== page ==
Our Approach

Participatory decision making requires a careful division of labor. Some tasks, such as identifying priorities, naturally belong to citizens.  Other tasks, such as solution design, feasibility analysis, and policy writing should be undertaken by specialists within your organization.  We fill in the gaps.  We do the critical things that your planners, engineers, and recreation specialists do not do, such as run large-scale public consultations, conduct statistical analysis of data, operate topic-specific websites, and undertake complex economic and risk analyses.  More critically, we provide a roadmap — a proven methodology — to navigate your issue or problem. We know how to bring your community and your staff together to work collectively and productively to provide solutions that people understand and support.


IAP2 - International Association of Public Participation


Our approach is based on the public participation goals of the International Association for Public Participation (IAP2). In local government settings, most forms of public participation in the decision-making process are representative of the "inform", "consult" and "involve" levels of public participation on the IAP2 spectrum of public participation (see picture at right). Most ambitious projects with large engagement components (such as an Official Community Plan) aspire to ensure that the community is heavily involved throughout the process, and that all marginalized groups are included (i.e. the "involve" level of public participation). However, our process takes public participation in local government decision-making to the next level, and is more accurately placed in the "collaborate" level of public participation. We develop a participative process that includes the public in all stages of the decision-making process, including objective analysis, alternative identification, and the deliberation to the preferred solution.


Rationale that guide our approach:

  1. Public consultation is not sales: If your task during "public consultation" it to sell your community a decision that has already been made with little or no meaningful public participation, you are doing something wrong.  Getting the consent of the governed starts with understanding what your community wants and needs very early in the decision process.

  2. Communities do not speak with one voice: "Understanding what your community wants and needs" is not as simple as it sounds.  Your community does not want or need one thing.  Your community wants many, often mutually incompatible things.  For example, they want low taxes and great amenities.  The task of decision makers is to understand the complex web of conflicting interests and priorities within their community and find solutions that satisfy most of the people most of the time.

  3. Only a subset of residents come to public meetings: If your only mode of "listening to the community" is public meetings (such as open houses, information meetings, or formal hearings), you are not hearing the whole story.  The technical term is sample bias.  The best way to understand the different perspectives of your community is to construct large, representative panels of stakeholders and engage them during all stages of the decision process. Also, you need to tailor your engagement methods to allow for community members to participate on their terms: when, where, and how it makes sense for them.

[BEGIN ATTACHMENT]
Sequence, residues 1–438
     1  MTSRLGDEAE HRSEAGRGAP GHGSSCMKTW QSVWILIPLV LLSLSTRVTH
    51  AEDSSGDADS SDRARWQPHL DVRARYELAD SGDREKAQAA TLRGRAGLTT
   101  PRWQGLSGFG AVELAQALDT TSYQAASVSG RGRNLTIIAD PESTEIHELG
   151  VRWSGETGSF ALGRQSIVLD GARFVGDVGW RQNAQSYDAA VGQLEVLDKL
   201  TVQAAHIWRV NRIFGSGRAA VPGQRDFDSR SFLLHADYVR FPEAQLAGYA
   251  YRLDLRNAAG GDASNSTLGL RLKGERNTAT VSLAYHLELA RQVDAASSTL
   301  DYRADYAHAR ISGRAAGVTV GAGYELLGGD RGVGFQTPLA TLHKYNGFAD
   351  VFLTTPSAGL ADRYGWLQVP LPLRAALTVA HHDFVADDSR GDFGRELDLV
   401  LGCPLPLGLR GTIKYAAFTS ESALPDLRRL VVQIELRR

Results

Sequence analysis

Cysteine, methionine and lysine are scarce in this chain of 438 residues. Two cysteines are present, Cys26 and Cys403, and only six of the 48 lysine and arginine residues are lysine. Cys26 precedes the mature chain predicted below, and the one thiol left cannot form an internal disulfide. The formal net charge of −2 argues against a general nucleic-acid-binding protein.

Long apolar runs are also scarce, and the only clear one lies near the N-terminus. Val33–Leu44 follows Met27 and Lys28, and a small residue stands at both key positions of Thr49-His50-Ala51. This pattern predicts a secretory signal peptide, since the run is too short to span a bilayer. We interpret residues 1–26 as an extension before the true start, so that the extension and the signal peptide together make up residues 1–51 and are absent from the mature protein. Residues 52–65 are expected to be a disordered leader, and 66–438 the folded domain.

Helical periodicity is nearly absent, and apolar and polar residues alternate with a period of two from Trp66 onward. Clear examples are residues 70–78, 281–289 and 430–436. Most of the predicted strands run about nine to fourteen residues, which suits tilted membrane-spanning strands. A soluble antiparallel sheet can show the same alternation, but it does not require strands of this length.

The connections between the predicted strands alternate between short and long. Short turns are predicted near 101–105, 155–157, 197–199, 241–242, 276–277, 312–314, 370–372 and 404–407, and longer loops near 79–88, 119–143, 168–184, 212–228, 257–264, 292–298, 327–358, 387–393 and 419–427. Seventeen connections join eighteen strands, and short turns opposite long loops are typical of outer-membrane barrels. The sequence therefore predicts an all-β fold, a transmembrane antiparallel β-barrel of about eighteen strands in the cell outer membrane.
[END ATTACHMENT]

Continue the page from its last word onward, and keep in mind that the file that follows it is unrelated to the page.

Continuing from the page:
4. Given all the available information, citizens will not make the right decision: We deal with complex problems that require complex solutions. Dumping piles of information on your citizens, and telling them to sort it out is not participatory decision making, it is abdication.  Non-expert citizens play a critical role in the participatory decision process, but not the only role.  The best participatory decision making occurs when we establish clear roles for citizens, elected officials, and technical experts.

  5. Decision making is a process: Every decision, every problem has its own underlying structure.  You need a systematic and disciplined process for revealing the structure and moving towards solutions that your community will support.

Meaningful engagement in a COVID world

Our process allows for the meaningful public deliberation of an issue or topic without the need to physically meet in a public meeting setting. In the current COVID-19 world, being able to use software and technology for engagement and public participation processes is critical. Unfortunately, most forms of electronic public participation are limited to the "inform" (i.e. webinars) and "consult" (i.e. electronic surveys) levels of public participation. Our approach is designed to be easily held virtually through all stages of the "collaborative" decision-making process. We use iterative electronic surveying, such as the Delphi method, to allow for community deliberation of decision alternatives or scenarios. We develop a project or topic-specific web platform to allow your residents to stay engaged through all stages of the decision process. All of this completed electronically from the convenience and safety of their home. There is no need for large public meeting settings with prescriptive social distancing maneuvers that deter people from attending.